Kit Noonan has reached a fork in the road. Underemployed with no clear sense of purpose, he is floundering, until his wife urges him to take some time away to work out the secret of his father’s identity. That search leads him back to his stepfather Jasper in Vermont – a self-sufficient outdoorsman who effectively raised him along with two stepbrothers. Eventually, the journey brings him to Lucinda, the elderly wife of a stroke-ravaged state senator and onward to Fenno (from Julia Glass’s first book) and his husband Walter. Read the rest of this post »

April 8, 2014 · Judi Clark · No Comments
Tags: , ,  · Posted in: Character Driven, Drift-of-Life, Family Matters, NE & New York

THE MARRYING OF CHANI KAUFMAN by Eve Harris

Book Quote:

“The bride stood like a pillar of salt, rigid under layers of itchy petticoats. Sweat dripped down the hollow of her back and collected in pools under her arms staining the ivory silk. She edged closer to The Bedeken Room door, one ear pressed up against it.”

Book Review:

Review by Eleanor Bukowsky (APR 7, 2014)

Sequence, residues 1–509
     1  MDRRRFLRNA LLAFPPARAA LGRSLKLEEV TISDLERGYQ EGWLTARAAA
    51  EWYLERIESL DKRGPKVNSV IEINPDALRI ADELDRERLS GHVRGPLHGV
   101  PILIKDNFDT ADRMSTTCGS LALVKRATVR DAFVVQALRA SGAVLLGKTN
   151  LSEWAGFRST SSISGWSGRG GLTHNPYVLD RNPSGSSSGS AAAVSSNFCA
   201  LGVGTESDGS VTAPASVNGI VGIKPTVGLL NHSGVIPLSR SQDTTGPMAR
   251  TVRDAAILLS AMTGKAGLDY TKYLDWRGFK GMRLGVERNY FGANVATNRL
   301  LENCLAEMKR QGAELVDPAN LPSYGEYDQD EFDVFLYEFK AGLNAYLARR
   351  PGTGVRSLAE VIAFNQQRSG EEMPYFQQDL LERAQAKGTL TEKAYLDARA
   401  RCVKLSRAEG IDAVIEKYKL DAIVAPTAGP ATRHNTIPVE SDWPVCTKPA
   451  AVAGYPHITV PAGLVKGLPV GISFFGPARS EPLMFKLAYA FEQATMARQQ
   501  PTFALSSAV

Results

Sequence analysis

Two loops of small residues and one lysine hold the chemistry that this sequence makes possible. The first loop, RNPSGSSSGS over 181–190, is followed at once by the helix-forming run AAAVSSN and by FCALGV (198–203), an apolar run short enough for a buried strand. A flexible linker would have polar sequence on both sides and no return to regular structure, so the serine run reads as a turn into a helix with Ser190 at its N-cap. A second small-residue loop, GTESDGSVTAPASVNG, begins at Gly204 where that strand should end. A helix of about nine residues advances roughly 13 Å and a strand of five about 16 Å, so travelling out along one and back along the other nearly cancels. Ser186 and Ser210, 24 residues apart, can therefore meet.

In The Marrying of Chani Kaufman, Eve Harris discloses the secrets of a Chasidic community in Golders Green, London, focusing on the tribulations of three families: the Kaufmans, Levys, and Zilbermans. The Kaufmans have eight daughters, one of whom, nineteen-year-old Chani, is seeking an intelligent, animated, and good-natured husband. The Levys, a well-to-do couple, want only the best for their son, Baruch, and plan to settle for nothing less. The Zilbermans are facing a major crisis. Rabbi Zilberman’s wife, Rivka, is no longer a contented spouse, mother, and homemaker; she is restless, edgy, and depressed. Adding to the tension is the fact that one of her sons, Avromi, a university student, is acting strangely. He is secretive, stays out late, and avoids telling his family where he has been. Read the rest of this post »

April 7, 2014 · Judi Clark · No Comments
Tags: , , , , , ,  · Posted in: Contemporary, Family Matters, Man Booker Nominee, United Kingdom, World Lit

THE ACCIDENT by Chris Pavone

Book Quote:

“She knows that she is the obvious — the inevitable — literary agent for this project. And there’s also one very obvious acquiring editor for the manuscript, a close friend who never met a conspiracy theory he didn’t like, no matter how ludicrous, no matter what level of lunatic the author. He used to have impressive success with this type of book, even by some of his less rational authors; there’s apparently a good-size book-buying audience out there that inhabits a space beyond the margins of sane discourse. He’ll be motivated to publish another. Especially this one, about these people.”